Emergency response officials swarmed to Trump Tower, where white powder was found inside an envelope in the mailroom.

Emergency response officials swarmed to Trump Tower, where white powder was found inside an envelope. (Credit: ABC7 via Twitter)

Emergency responders swarmed to Trump Tower in Manhattan, the home of Republican presidential front-runner candidate Donald Trump’s campaign office, after reports were called in of a suspicious white powder in the mail room.

The powder was shortly after deemed harmless, but not until offices were evacuated as fire department, emergency medical services and police from the city rushed to investigate, ABC7 reported. NBC New York also reported officials with Homeland Security arrived at the scene, as well.

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“UPDATE,” read the Twitter account of ABC7, “6 people being evaluated after white powder found in Trump Tower.”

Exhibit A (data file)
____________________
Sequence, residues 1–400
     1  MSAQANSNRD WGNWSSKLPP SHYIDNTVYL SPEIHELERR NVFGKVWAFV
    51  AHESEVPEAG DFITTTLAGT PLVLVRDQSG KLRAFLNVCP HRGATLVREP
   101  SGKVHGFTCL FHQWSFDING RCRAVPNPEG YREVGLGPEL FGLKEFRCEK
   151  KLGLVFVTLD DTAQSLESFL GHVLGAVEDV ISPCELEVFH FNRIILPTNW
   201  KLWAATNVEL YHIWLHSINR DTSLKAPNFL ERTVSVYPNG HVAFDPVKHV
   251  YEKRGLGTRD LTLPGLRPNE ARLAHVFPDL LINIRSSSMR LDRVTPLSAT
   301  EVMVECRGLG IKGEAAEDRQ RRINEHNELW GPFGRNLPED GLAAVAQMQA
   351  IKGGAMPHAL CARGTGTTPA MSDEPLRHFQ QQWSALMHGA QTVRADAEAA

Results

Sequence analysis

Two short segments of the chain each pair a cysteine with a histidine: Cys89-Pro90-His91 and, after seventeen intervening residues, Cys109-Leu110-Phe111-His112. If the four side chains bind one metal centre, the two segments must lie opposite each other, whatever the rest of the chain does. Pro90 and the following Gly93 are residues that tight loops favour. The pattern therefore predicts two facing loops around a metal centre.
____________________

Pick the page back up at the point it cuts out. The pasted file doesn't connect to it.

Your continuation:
The powder was found inside a white envelope, which was opened by a worker, NBC New York reported.

Officials tested the powder and determined it wasn’t hazardous.

This isn’t the only time the Trump campaign was threatened with suspicious white powder, however.

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In March, Eric Trump, the 32-year-old son of the billionaire businessman, received an envelope containing white powder and a note that read: “If your father does not drop out of the race, the next envelope won’t be a fake.” And just a couple days after that, another threatening message was sent to Maryanne Trump Barry, who’s Trump’s sister and who serves on the U.S. Circuit Court of Appeals for the 3rd Circuit in Pennsylvania.

Police generally take envelopes containing white powder as serious threats. In 2001, several envelopes mailed to news rooms across America contained anthrax, and five died after being exposed.

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